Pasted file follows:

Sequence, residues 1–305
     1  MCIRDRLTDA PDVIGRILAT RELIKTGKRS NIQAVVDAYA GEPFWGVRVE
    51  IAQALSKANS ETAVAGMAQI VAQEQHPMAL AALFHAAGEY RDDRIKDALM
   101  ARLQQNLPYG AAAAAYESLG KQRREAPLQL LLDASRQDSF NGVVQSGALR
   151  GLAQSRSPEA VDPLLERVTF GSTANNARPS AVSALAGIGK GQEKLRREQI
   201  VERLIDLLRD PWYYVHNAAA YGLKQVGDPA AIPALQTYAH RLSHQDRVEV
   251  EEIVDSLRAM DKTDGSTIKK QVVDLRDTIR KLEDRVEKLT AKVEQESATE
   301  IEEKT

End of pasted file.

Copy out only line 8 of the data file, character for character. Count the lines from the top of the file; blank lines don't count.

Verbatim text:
   301  IEEKT